than that of the country or of the regional system to which the country belongs; fourth,
the same as the third, but subject to each country's right, for specific reasons, to
refuse such validity as far as it is concerned.
Naturally, there is an underlying condition that will determine the progress of
internationalization. That condition is the unification of data bases and of search and
examination methods as long as there is more than one patent-granting office, that is,
until and unless there is a world patent. (highlighted by us.)
Dr. Bogsch concluded by stating:
The proposed improvements are naturally in the interest of users of the patent system.
Without such improvements, the use of the patent system will be so complex and expensive
that, as indicated at the beginning of these remarks, the system will become unusable in
But solutions do exist. All that is needed is the political will to depart from
the present routine and innovate (highlighted by us.).
And innovation, after all, is a notion that must be acceptable to a system dealing with
Mr. François Curchod presented, on
behalf of WIPO Secretariat, a lecture entitled A proposed Protocol on
"PCT Patent". In this lecture, Mr Cruchod presented the main
characteristics of this new "possible initiative", as another step towards a
"world patent" (highlighted by us.)):
||While a world patent, in the sense of a
truly global patent granted by one authority with an automatic and binding effect in
participating countries and regional Offices, remains an ultimate goal, we do not feel
that it is realistic to expect to achieve that goal yet. But the time is ripe for an
intermediate and more modestly ambitious step which, if successful, will pave the way to
the achievement of that ultimate goal. The strategy behind this new initiative of the
International Bureau (Secretariat of WIPO) is to establish a "win-win" situation
in which all interested parties would gain without any of them losing anything.
The essence of the proposal is to extend the operation of the PCT system further into the
national phase so as to allow applicants to obtain from the International Bureau, on the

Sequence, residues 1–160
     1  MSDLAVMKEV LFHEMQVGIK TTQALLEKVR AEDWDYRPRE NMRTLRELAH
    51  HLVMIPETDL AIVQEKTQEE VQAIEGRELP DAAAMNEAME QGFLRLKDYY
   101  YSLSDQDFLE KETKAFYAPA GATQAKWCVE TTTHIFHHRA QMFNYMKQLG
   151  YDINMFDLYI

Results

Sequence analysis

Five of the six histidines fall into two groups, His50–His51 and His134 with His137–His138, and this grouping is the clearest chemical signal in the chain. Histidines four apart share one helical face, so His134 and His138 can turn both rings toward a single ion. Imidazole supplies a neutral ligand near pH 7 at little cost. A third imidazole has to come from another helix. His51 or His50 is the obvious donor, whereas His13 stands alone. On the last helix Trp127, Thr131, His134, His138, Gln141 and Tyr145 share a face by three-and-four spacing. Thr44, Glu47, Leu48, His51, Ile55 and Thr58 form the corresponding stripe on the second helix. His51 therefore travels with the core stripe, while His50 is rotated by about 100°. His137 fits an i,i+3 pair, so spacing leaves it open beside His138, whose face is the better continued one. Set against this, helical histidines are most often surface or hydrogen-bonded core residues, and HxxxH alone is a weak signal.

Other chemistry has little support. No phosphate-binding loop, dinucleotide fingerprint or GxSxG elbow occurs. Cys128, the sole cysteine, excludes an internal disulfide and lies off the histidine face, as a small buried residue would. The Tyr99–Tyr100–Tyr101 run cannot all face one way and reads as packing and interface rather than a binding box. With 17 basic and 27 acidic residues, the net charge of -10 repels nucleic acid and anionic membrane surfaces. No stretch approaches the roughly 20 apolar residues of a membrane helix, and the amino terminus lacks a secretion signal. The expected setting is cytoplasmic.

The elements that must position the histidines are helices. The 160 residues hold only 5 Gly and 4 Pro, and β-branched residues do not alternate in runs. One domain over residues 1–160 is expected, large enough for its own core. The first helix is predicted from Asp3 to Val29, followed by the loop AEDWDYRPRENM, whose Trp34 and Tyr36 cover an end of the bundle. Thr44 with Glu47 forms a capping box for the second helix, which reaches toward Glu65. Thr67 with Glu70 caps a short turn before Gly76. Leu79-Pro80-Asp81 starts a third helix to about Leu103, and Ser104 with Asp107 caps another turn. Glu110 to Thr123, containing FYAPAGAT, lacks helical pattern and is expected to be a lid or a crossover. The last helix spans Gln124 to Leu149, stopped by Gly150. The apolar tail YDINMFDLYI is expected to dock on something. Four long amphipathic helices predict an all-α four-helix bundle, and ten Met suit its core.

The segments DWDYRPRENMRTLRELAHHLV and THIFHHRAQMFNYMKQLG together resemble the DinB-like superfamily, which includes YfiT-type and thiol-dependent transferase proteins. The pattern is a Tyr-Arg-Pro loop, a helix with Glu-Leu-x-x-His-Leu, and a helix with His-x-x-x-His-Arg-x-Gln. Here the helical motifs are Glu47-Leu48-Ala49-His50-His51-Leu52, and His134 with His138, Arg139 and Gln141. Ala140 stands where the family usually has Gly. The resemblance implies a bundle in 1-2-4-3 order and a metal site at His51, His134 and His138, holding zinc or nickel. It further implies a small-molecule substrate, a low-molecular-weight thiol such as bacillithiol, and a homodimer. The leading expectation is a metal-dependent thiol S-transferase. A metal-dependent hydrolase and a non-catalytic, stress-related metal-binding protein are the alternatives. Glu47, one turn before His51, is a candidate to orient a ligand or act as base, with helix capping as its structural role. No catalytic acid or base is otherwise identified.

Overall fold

basis of the results of the international preliminary examination, a title of protection
having the effect of a national or regional patent. Such a title of protection is
hereinafter referred to as a "PCT patent." Some of the key features of the new
"PCT patent system" which we envisage (as distinct from the present PCT filing
system) would be as follows:
(a) Participation in the new system would be optional for both applicants and Contracting
States (in much the same way as Chapter II of the PCT is optional now).
(b) A PCT patent would have effect only in those States which decide to participate in the
new system and which the applicant elects for the purpose of the international preliminary
examination and additionally indicates for the purpose of the PCT patent procedure
(c) The grant of a PCT patent would require international preliminary examination to have
taken place; therefore, only Contracting States bound by Chapter II of the PCT would be
eligible to participate in the new system.
(d) Only applicants from States participating in the PCT patent system would have the
option of making use of it.
(e) Any Contracting State which participates in the PCT patent system could do so on the
basis that it would only be bound by a PCT patent if the international preliminary
examination report had been prepared by the IPEA, or by one of the IPEAs, specified for
the purpose by that Contracting State.
(f) The effect of a PCT patent in any "indicated State" would be the same as a
national or regional patent granted by or for that State, subject to certain clearly
defined possibilities for the Office concerned to refuse the effect of the PCT patent at
an early stage.
These points and other questions were thereafter addressed in
|Industrial Advisory Commission (IAC)
This newly created independent advisory body in WIPO referred to the idea of a world or